The Government have got themselves in to a real mess with this gagging bill. After being forced in to a panic pause on part two they then had to grant a series of concessions.
While those concessions make a bad bill slightly better, they don’t go far enough and the gag on charities and campaigners remains firmly in place.
That is why it is so important that the Commons votes to keep the three amendments that the Lords defeated the Government on – the exclusion of some staff costs from the slashed spending limit, the narrowed constituency limit and the inclusion of special advisors in the definition of those who can be lobbied.
I will be voting to keep those amendments in the bill and I have been urging my colleagues to do the same. As far as we can, we will try to make an awful bill a little better.
Only David Cameron could present a Lobbying Bill that doesn’t stop commercial lobbyists influencing government policy, but could stop charities and campaigners from campaigning about it. No wonder people think he stands up for the wrong people.
This has been a bad bill from word go, and the Government should have just gone back to the drawing board.
Everybody is against the bill apart from, seemingly, the Government. The lobbying industry, campaigners and charities are all against the Government’s Bill and support a universal register.
The Chartered Institute of Public Relations (CIPR), for example, has asked the Government to re-draft the definition of lobbying to “reflect a more realistic understanding of the lobbying profession to capture all those who lobby in a professional capacity”.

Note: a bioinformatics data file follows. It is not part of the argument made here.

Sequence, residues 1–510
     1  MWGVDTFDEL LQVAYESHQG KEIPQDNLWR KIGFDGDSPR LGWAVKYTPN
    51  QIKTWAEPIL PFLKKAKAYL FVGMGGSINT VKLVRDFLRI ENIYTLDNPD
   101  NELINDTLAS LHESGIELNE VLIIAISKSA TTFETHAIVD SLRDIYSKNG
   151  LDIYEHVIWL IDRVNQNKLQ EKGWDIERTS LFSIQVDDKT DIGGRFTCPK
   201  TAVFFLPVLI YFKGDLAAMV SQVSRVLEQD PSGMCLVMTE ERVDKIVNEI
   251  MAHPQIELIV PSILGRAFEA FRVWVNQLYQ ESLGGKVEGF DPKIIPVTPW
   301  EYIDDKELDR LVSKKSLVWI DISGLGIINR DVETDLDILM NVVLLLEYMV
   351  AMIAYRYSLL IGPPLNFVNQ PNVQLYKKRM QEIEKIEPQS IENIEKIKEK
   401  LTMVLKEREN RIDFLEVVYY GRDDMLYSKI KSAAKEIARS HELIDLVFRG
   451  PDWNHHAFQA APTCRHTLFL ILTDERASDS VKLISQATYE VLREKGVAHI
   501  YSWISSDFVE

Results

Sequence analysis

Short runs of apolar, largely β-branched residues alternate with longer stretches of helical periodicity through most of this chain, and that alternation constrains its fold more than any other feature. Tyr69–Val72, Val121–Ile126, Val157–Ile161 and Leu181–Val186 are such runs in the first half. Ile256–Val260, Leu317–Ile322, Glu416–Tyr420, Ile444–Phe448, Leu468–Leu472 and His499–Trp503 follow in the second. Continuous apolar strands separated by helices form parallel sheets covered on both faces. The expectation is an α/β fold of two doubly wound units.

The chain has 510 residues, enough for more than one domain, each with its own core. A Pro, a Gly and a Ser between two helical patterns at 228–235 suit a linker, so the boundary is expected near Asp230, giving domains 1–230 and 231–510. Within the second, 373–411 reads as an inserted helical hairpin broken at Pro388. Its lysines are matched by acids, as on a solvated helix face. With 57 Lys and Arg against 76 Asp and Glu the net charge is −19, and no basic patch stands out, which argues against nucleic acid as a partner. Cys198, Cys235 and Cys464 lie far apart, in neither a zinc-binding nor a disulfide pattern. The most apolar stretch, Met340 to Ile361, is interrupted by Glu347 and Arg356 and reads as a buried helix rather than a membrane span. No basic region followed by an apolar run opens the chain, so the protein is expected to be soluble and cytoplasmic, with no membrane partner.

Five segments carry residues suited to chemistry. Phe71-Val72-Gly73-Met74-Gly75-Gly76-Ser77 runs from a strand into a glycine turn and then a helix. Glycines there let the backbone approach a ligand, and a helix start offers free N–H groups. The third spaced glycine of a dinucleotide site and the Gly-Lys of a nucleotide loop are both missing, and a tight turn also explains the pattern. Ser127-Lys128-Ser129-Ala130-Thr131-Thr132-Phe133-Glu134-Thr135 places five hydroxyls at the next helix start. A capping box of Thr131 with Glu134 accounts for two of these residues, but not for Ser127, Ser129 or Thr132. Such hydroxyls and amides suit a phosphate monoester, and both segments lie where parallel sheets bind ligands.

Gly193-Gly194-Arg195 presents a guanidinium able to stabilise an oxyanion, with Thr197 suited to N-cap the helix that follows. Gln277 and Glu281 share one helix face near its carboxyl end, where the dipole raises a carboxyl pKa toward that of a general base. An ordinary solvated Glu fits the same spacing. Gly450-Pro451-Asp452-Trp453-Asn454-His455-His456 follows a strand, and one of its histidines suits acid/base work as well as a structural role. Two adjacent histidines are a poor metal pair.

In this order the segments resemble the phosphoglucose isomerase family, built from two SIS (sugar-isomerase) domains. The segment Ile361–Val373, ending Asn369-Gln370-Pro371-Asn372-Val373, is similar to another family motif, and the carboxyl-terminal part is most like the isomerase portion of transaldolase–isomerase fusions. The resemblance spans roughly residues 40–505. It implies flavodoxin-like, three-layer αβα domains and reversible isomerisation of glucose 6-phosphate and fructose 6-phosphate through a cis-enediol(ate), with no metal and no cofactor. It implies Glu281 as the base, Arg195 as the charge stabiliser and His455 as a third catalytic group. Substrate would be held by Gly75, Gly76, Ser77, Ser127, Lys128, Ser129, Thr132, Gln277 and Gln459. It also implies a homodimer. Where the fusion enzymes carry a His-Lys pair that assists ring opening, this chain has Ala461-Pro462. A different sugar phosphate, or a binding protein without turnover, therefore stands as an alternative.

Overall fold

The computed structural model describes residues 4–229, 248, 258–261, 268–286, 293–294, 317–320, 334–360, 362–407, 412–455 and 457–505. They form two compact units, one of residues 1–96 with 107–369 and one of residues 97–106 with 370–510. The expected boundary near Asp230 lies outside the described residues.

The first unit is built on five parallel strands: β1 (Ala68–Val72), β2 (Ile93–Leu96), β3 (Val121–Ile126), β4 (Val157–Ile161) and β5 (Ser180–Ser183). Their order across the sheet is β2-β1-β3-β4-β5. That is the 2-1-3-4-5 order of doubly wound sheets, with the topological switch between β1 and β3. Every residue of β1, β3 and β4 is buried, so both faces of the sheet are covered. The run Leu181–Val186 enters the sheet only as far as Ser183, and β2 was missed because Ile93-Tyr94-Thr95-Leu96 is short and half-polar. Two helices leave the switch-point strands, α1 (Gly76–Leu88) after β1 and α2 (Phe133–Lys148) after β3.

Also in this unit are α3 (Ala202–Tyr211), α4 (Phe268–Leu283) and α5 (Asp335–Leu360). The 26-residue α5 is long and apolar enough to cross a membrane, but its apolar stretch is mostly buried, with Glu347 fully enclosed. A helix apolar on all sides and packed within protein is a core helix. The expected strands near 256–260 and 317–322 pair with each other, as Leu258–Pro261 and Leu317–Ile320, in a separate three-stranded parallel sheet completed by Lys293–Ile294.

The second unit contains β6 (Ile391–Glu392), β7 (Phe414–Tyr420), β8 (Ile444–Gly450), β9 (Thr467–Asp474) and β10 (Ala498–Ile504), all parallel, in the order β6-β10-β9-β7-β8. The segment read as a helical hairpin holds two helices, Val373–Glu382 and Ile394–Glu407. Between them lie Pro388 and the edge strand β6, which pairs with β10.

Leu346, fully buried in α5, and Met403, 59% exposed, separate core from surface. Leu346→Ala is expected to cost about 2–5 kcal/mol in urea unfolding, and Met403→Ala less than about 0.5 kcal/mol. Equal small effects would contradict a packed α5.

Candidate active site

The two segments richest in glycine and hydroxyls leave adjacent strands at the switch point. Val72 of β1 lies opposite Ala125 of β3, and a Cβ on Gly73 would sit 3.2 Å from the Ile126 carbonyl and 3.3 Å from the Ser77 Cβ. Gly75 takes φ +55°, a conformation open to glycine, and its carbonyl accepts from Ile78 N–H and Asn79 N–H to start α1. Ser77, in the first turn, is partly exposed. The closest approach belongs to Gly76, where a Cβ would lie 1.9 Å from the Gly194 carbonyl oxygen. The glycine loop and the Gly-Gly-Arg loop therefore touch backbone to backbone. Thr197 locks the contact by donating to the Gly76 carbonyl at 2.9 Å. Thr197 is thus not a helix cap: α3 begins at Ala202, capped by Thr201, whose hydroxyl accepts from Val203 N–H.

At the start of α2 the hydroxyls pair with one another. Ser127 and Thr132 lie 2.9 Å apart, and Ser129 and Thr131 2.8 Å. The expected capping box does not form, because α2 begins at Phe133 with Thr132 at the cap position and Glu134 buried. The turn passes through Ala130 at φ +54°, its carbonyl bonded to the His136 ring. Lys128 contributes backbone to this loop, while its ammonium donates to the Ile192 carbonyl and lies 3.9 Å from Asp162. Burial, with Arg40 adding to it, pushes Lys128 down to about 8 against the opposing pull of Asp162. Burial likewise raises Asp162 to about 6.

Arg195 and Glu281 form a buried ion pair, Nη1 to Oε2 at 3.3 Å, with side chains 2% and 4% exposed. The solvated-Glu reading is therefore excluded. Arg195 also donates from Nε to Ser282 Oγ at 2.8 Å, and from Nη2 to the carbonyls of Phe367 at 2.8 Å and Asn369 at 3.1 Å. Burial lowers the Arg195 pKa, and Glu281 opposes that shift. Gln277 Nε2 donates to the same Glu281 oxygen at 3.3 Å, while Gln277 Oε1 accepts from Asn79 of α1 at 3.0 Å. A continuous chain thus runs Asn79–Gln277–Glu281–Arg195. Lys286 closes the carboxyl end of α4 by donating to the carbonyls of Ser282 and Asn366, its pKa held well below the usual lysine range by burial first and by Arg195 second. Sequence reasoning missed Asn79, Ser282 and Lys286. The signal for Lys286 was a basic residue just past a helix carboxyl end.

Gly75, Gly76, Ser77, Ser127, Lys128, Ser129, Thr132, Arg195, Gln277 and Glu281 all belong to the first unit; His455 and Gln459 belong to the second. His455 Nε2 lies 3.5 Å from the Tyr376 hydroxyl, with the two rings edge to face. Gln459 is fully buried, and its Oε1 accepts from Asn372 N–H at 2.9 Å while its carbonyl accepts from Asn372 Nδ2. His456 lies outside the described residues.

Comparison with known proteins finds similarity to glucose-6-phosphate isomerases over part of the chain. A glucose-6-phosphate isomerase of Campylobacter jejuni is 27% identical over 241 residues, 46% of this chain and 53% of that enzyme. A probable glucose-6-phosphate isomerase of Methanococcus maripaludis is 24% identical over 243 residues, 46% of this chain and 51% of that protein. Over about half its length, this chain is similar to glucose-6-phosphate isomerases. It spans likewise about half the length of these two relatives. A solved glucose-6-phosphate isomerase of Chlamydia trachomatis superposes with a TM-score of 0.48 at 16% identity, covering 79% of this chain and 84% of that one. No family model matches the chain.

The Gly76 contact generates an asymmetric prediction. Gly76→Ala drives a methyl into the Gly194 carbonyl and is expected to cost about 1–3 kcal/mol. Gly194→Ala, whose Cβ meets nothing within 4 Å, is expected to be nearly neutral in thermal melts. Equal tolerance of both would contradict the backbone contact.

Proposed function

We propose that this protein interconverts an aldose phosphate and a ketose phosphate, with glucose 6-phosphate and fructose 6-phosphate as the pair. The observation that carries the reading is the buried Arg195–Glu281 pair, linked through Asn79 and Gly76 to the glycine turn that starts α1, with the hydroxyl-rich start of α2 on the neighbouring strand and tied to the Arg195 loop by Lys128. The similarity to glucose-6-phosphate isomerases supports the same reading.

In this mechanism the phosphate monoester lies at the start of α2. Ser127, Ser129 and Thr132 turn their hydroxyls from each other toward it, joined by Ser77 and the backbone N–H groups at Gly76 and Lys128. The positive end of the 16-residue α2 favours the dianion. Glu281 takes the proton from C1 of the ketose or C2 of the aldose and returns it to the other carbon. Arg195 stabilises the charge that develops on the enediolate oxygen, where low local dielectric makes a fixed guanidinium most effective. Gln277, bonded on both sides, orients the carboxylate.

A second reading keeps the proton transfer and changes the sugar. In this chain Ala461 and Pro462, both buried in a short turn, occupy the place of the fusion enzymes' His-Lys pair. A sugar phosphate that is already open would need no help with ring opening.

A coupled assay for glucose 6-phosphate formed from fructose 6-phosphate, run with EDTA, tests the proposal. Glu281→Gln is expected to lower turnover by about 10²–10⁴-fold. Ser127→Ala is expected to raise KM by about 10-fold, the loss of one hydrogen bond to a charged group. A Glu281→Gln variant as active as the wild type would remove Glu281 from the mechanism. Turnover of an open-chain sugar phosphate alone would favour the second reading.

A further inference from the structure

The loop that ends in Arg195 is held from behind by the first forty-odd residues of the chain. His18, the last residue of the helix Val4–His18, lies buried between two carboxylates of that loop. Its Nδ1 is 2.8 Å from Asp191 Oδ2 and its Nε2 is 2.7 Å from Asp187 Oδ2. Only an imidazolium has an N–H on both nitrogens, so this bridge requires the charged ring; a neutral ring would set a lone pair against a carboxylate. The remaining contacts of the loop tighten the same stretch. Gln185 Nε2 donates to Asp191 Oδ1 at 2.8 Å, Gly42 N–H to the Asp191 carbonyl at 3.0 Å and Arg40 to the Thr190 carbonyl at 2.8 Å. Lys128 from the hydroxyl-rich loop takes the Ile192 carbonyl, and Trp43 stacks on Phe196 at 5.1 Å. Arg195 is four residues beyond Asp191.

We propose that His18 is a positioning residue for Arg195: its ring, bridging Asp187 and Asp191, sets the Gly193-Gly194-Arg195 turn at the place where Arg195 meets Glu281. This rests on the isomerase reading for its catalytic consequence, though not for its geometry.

The Prime Minister seems to be staggeringly incapable of recognising the appalling quality and scope of his bill. I am not sure what it is about the Conservative Party and refusing to listen to the experts, but it seems to be a recurring mistake – first they buried their fingers in their ears over the Health and Social Care Act, when almost every professional medical body told them it would not work, and now this.
We need to get the big money out. We need to regulate a lobbying industry that has lived in the shadows for too long.
The government has overwhelmingly failed to achieve this. A Labour Government in 2015 will not squander such an opportunity to clean up our politics.
Tory MP Douglas Carswell put it particularly succinctly. Upon hearing that the bill had been described as a “dog’s breakfast”, he remarked, “He is wrong, of course. Far more thought has gone into pet nutrition than into this Bill.”
How very true.